Table 5-3: Top Beverage Varieties: Beverage Menu Share: by Restaurant Segment, 2013
Growth in tea and other “healthy” beverages
Table 5-4: Top Beverage Varieties: Change in Beverage Menu Share: by Restaurant Segment, 2013
Tea flavor & variety trends
Hot tea widely available
Table 5-5: Top Hot Tea Varieties: Percent of Restaurants Featuring: by Restaurant Segment, 2013
Expansion in variety of hot tea
Table 5-6: Top Hot Tea Varieties: Change in Percent of Restaurants Featuring: by Restaurant Segment,2013
Raspberry and sweet tea are the most popular iced tea varieties
Table 5-7: Top Iced Tea Varieties: Percent of Restaurants Featuring: by Restaurant Segment, 2013
QSRs embrace innovative iced tea varieties
Table 5-8: Top Iced Tea Varieties: Change in Percent of Restaurants Featuring: by Restaurant Segment,2013
Snapple brand iced tea has the highest restaurant penetration
Fewer restaurants featuring iced tea brands
Table 5-10: Top Iced Tea Brands: Change in Percent of Restaurants Featuring: by Restaurant Segment,2013
Chapter 6: The Consumer: Tea Usage & Brand Trends
Summary analysis
Household and personal tea use
Trended tea usage: 2008-2013
Table 6-1: Household Bagged/Loose & Instant Iced Tea Mix Usage, Personal RTD Iced Tea Use,2008-2013
Tea use, by demographics
Table 6-2: Household Bagged/Loose & Instant Iced Tea Mix Usage, Personal RTD Iced Tea Use: by Race/Ethnicity, HH Income, Number/Age of Children in HH & Nielsen Region, 2013
Trended HH tea usage frequency
Table 6-3: Household Tea Usage Frequency: Bagged/Loose & Instant Iced Tea Mix, 2008-2013
Tea usage frequency, by demographics
Table 6-4: Household Tea Usage Frequency: Bagged/Loose & Instant Iced Tea Mix: By Race/Ethnicity,
HH Income, #/Age of Children in HH & Nielsen Region, 2013
Personal tea usage frequency
Graph 6-1: Times per Month Consumers Drink Tea, by Usage Frequency
The majority of tea drinkers consume several cups per day
Graph 6-2: Daily Tea Drinkers: Cups of Tea Drunk per Day
Women are more likely to drink more cups per day than men
Table 6-5: Cups of Tea Drunk Monthly & Daily, by Gender, 2014
Under-45s are high frequency tea drinkers
Table 6-6: Cups of Tea Drunk Monthly & Daily, by Age, 2014
Personal tea usage skews toward the more affluent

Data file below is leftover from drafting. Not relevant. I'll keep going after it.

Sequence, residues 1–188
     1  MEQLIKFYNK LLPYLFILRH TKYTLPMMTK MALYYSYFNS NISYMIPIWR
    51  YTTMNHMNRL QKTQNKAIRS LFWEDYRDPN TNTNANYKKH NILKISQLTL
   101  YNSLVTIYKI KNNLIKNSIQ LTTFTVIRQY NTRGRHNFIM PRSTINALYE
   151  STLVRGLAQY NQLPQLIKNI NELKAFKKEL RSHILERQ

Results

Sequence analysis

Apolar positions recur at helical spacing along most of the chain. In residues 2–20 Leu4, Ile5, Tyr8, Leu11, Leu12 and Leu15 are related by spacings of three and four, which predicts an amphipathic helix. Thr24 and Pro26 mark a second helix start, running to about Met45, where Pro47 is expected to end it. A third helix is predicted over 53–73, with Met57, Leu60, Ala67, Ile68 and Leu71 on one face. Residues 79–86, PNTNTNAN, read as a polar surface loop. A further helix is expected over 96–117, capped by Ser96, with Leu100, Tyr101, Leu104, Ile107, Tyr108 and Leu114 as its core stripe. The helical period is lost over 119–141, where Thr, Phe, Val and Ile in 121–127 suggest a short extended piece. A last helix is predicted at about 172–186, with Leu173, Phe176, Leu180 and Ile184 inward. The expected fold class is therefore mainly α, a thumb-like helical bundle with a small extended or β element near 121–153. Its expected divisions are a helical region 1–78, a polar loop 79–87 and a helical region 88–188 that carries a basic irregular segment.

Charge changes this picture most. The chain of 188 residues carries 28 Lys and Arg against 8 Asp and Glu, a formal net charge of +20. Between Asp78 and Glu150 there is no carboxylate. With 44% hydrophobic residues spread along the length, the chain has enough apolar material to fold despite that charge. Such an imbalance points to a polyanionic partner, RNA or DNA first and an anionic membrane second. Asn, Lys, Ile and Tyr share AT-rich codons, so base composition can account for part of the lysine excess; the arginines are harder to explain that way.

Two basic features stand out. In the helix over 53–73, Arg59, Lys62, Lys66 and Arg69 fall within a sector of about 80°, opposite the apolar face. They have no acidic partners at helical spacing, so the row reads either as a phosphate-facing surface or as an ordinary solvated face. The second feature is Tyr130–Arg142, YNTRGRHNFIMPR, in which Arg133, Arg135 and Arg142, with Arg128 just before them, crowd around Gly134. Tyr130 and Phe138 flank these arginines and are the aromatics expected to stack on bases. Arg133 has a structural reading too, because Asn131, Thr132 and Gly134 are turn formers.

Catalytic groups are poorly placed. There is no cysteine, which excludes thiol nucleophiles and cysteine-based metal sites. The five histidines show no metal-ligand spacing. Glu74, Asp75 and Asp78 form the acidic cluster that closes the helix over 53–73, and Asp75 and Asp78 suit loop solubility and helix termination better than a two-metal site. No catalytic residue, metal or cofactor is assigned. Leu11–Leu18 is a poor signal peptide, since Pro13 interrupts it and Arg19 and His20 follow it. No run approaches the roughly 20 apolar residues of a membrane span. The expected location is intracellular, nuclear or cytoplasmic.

Table 6-7: Cups of Tea Drunk Monthly & Daily, by HH Income, 2014
Asians are the quintessential tea consumer
Table 6-8: Cups of Tea Drunk Monthly & Daily, by Race/Ethnicity, 2014
Northeasterners tend to be daily tea drinkers
Table 6-9: Cups of Tea Drunk Monthly & Daily, by Region, 2014
Students who are daily tea drinking are avid consumers
Table 6-10: Cups of Tea Drunk Monthly & Daily, by Employment Status, 2014
Household and personal tea use by type Bagged/loose tea
Table 6-10: Household Tea Usage: Bagged/Loose (Hot & Iced), Regular & Decaffeinated Loose,Regular & Decaffeinated Bagged & Tea Flavors: With Usage Preference Ratios, 2008-2013
Hot tea vs. iced tea, by demographics
Table 6-11: Household Bagged/Loose Tea Usage (Hot & Iced), With Usage Preference Ratios: by
Race/Ethnicity, HH Income, Number/Age of Children in HH & Nielsen Region, 2013
Regular vs. decaffeinated tea, by demographics
Table 6-12: Household Bag/Loose Tea Usage (Regular & Decaffeinated), With Usage Preference Ratios:by Race/Ethnicity, HH Income, Number/Age of Children in HH & Nielsen Region, 2013
Regular vs. decaffeinated: Loose tea, by demographics
Table 6-13: Household Loose Tea Usage (Regular & Decaffeinated), With Usage Preference Ratios: by Race/Ethnicity, HH Income, Number/Age of Children in HH & Nielsen Region, 2013
Regular vs. decaffeinated: Bagged tea, by demographics
Table 6-14: Household Bag Tea Usage (Regular & Decaffeinated), With Usage Preference Ratios: by Race/Ethnicity, HH Income, Number/Age of Children in HH & Nielsen Region, 2013
Instant iced tea
Table 6-15: Household Instant Iced Tea Mix Usage: Presweetened w/ and w/o Sugar & Unsweetened:
With Usage Preference Ratios, 2008-2013
Presweetened vs. Unsweetened tea, by demographics
Table 6-16: HH Instant Iced Tea Mix Usage: Presweetened w/ and w/o Sugar & Unsweetened: W/ Usage Preference Ratios: by Race/Ethnicity, HH Income, #/Age of Children in HH &
Nielsen Region, 2013
RTD iced tea
Table 6-17: Ready-to-Drink Tea Usage: Presweetened w/ and w/o Sugar & Unsweetened: With
Usage Preference Ratios, 2008-2013
Household and personal tea use by brand
Bagged/loose tea brand usage
Table 6-18: Household Bagged/Loose Tea Usage, by Brand, With Usage Preference Ratios, 2008-2013
Bagged/loose tea brand usage, by demographics
Table 6-19: Household Bagged/Loose Tea Usage, Top 8 Brands: by Race/Ethnicity, HH Income,
#/Age of Children in HH & Nielsen Region, 2013
Table 6-20: Household Bagged/Loose Tea Usage, Other Brands/Store Brand: by Race/Ethnicity,
HH Income, #/Age of Children in HH & Nielsen Region, 2013
Trended instant iced tea mix brand usage
Table 6-21: Household Instant Iced Tea Mix Usage, by Brand, With Usage Preference Ratios, 2008-2013
Instant iced tea mix brand usage, by demographics
Table 6-22: Instant Iced Tea Mix Usage, by Brand/Store Brand: by Race/Ethnicity, HH Income,
#/Age of Children in HH & Nielsen Region, 2013
Trended RTD iced tea brand usage
Table 6-23: Personal Ready-to-Drink Iced Tea Usage, by Brand, With Usage Preference Ratios,2008-2013